I was born and raised in the northern suburbs of Sydney, Australia. My dad had kept fish for many years and we had a room (the Fish Room) with over 30 tanks. He kept and bred tropical freshwater fish and most of the tanks were quite small - around 18". I guess this is where my interest in fish started.
In the mid-70's, when I was a teenager, I started keeping line caught mullet and leatherjackets in a 3' tank without filtration and only aeration. Despite knowing nothing and having no filtration the fish actually survived - probably more an indication of their hardiness than anything else.
I next started catching small fish (including trevally, seahorses and pipefish) under Spit Bridge (Sydney), wading with a school friend with hand made nets. This evolved into snorkelling at Fairy Bower, near Manly, again with my school friend, and at the same time I started buying marine tropicals. The tanks got better - undergravel filters and heaters and I started working as an assistant at an aquarium shop that specialised in marines. The shop made it easier to buy both fish and equipment including new fangled devices such as protein skimmers.
I joined the Marine Aquarium Research Institute of Australia (MARIA) where I gained much knowledge on the hobby and about the tropical marines found around Sydney. MARIA had regular meetings for the exchange of ideas and in summer and autumn dive trips around Sydney and farther afield were organised. By now I had 4 tanks - a 4', two 3' and a 2 ' - and I still have those same tanks. I had DIY undergravel filters and used natural seawater collected at Fairy Bower, near Manly in plastic garbage bins. I started diving more frequently and was getting better at catching marines - angels, cheatodons, wrasses, trigger fish, etc. My best catch was in May 1977 when I caught a Centropyge vrolikii.
With my interest in fish and the sea the next logical step was to study Marine Biology, which I did for 4 years and achieved a BSc with Honours in Marine Science. While I have not used the degree in a real job, the information I learnt is still useful to me in this hobby. While at University, I learnt to SCUBA dive and this made catching fish somewhat easier.Blue-lined Octopus (Hapalochlaena fasciata)
In 1979 and 1980 I started keeping cephalopods. Over the time I had numerous Sydney Cuttlefish (Sepia liliana), a few dumpling squid and even a Blue-Lined Octopus (Hapalochlaena fasciata). While the dumpling squids didn't do very well and were difficult to get feeding, the cuttlefish and octopus were quite easy as long as you had a good supply of live food. The cuttlefish would eat small fish and shrimp which they caught with their specialised tentacles and they'd eat crabs by diving on them with their arms. The octopus ate live crabs.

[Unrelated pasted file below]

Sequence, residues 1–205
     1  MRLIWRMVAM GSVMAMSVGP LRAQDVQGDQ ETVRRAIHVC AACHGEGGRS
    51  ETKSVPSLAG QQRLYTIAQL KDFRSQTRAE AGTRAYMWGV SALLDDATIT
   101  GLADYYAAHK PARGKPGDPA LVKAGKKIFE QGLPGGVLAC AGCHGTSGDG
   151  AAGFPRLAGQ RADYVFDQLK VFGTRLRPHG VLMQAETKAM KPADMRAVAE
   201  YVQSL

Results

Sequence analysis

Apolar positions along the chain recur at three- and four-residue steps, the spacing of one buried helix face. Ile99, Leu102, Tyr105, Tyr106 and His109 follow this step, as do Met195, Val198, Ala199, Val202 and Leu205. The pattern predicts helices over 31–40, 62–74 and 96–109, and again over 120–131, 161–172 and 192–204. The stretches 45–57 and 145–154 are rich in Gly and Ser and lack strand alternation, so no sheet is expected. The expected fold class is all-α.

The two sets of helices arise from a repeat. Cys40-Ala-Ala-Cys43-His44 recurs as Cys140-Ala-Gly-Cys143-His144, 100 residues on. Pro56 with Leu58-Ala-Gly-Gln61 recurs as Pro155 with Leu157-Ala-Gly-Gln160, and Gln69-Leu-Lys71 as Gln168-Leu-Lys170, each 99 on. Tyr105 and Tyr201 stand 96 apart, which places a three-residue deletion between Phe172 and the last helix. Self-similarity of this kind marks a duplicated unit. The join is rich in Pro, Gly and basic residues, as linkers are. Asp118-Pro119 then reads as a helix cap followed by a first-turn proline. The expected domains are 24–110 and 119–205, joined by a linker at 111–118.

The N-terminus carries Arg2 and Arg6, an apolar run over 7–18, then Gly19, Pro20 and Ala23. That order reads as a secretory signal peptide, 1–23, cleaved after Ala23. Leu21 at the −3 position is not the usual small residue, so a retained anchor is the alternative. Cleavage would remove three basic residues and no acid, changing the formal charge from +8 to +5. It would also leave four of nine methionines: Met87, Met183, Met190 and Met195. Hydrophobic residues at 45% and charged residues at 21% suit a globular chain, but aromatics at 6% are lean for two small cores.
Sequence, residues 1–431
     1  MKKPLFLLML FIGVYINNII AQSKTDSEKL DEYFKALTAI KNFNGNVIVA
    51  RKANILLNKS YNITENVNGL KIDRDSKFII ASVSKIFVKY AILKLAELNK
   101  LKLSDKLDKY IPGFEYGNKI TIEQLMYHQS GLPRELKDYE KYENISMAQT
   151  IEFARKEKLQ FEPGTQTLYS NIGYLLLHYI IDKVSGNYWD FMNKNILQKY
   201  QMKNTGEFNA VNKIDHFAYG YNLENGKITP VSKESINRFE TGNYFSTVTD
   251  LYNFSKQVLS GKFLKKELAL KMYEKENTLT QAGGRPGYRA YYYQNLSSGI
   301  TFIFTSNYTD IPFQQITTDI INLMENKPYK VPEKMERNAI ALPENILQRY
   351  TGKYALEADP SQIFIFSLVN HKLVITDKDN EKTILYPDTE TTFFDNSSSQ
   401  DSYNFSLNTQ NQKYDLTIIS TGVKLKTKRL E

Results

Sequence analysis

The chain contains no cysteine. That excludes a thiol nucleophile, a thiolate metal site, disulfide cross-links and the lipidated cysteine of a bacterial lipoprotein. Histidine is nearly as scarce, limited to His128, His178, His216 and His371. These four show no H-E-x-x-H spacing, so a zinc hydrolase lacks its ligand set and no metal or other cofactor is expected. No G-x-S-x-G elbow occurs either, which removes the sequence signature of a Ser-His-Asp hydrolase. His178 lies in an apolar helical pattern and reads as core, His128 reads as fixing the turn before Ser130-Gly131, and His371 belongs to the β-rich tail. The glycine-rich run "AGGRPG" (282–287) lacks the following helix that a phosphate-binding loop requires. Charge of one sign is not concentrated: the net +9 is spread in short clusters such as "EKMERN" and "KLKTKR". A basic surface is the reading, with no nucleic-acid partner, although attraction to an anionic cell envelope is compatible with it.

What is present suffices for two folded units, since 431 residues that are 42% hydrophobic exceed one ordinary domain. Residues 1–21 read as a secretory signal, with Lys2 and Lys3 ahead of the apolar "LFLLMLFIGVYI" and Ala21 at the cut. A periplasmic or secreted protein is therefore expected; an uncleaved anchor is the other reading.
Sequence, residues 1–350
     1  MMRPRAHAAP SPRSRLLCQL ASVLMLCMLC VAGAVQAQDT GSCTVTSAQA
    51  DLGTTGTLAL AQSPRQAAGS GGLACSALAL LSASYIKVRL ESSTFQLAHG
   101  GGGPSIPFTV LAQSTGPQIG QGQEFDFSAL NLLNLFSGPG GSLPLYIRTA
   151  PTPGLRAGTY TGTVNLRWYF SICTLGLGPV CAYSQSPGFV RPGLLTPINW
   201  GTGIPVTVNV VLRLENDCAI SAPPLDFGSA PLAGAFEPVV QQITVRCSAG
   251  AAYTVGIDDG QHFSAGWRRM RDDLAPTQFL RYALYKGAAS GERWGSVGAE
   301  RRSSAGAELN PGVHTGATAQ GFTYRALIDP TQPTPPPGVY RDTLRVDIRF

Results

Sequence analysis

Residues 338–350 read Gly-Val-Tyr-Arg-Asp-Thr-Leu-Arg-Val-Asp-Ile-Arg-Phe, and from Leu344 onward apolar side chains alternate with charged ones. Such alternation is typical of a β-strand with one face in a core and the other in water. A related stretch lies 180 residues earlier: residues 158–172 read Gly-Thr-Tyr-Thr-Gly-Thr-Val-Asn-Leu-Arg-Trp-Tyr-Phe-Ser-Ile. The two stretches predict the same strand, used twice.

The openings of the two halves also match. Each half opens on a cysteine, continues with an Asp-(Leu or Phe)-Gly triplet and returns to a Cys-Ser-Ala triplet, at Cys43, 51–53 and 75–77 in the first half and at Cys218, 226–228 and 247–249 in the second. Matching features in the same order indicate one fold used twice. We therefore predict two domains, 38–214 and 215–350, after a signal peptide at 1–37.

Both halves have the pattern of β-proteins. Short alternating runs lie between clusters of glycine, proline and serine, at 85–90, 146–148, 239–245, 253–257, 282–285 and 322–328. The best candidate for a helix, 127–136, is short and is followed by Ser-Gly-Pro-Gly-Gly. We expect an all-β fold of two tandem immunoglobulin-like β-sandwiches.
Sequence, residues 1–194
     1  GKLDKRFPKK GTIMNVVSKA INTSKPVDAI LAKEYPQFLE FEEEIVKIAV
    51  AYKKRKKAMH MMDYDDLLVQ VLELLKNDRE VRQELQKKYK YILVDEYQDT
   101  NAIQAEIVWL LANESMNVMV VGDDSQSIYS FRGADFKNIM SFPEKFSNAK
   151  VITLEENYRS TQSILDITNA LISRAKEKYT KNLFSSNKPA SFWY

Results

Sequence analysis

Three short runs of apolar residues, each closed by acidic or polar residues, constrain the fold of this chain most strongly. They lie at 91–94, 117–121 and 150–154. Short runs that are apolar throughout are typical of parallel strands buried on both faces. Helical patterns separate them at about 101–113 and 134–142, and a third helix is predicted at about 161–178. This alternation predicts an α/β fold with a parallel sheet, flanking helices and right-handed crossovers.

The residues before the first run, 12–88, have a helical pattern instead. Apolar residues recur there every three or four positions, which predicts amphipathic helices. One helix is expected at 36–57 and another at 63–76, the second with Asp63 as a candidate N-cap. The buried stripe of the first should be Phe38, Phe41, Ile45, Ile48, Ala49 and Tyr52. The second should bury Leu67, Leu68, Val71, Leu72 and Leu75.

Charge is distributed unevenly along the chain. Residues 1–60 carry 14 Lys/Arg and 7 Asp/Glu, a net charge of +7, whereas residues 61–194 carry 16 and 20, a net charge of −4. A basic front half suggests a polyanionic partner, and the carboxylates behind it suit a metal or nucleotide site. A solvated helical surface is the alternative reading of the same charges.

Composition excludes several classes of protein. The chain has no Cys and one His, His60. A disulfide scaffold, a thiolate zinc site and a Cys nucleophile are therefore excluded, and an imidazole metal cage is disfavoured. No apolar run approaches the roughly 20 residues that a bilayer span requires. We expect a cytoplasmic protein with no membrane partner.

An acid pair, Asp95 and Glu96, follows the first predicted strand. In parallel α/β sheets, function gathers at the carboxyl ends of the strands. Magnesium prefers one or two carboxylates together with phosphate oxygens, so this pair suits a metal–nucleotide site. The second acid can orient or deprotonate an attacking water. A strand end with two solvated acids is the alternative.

In July 1980, 13 other members of the University Dive Club and I travelled to the Great Barrier Reef and spent 2 weeks on Tryon Island, a deserted island in the Capricorn Group off Rockhampton. We dived every day (we had a compressor to fill our tanks and 2 boats to get around the island) and it was a fabulous experience. I caught a number of fish that were flown back to Sydney at Manly Marineland's expense (the same school friend, who was also on the trip, did part-time work at Marineland) and all the fish made it safely.Sydney Cuttlefish (Sepia liliana) firing tentacles at a small fish.
With my interest in cephalopds, I spent my final year studying them and did my final project on the feeding behaviour of the Sydney Cuttlefish (Sepia liliana). These animals have a whole routine of intricate colour patterns and movements associated with the practice of stalking and catching their prey.
After graduating, I was not able to get a job in the Marine Sciences (only 2 out of the 20 people that studied with me did) and so I relied on my aquariums to keep my interest.
In 1985, I got married and we moved into our first home in the Blue Mountains, 50km west of Sydney. Vicki was sympathetic to my interest in fish and we got a 6' (by 30" by 18") tank in August 1986. Unfortunately, due to either a fault in the tank, an unstable stand or moving floorboards the rear panel of the tank broke only two months later. We got home to the smell of the sea, a very wet carpet and no power on one circuit. All the fish were fine but when moved to the 4' and the two 3' tanks the overcrowding led to some losses.
Once the tank was repaired, I set it up again and the only filtration on the tank was a DIY undergravel filter under 6" of shell grit. This ran extremely well and I had a number of beautiful fish, some bought and some caught.
Our tank in January 1990
In November, 1990 we had an even worse disaster than the tank breakage. One of the pipes had come off the pump that drove the UGF and it siphoned all the water out of the tank. We lost all the fish in the 6'. including a juvenile Pomacanthus imperator that was just starting to change to adult colours. This was fairly devastating and we didn't set the 6' tank up again at that house.
I still maintained the tanks in the garage until extensions to the house in 1994 meant that even these tanks had to go, so it wasn't until we moved to our new house, also in the Blue Mountains, in 1998 that I was able to set up my tanks again. The new house had tons of space and I had the 4' set up within a month of moving in.
I now have a two 6 foot tanks, a 4 foot tank, three 3 foot tanks and a 2 foot tank, as well as a 3 foot Quarantine tank and a 4' frag tank. See Tanks for more information.
Last updated: 5 May 2006